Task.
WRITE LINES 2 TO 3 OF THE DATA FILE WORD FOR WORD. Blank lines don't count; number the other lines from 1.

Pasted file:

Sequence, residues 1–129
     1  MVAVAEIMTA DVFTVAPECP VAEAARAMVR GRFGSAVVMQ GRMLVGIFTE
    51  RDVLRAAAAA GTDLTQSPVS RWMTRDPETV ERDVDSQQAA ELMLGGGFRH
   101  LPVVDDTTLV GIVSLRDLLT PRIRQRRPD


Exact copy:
     1  MVAVAEIMTA DVFTVAPECP VAEAARAMVR GRFGSAVVMQ GRMLVGIFTE
    51  RDVLRAAAAA GTDLTQSPVS RWMTRDPETV ERDVDSQQAA ELMLGGGFRH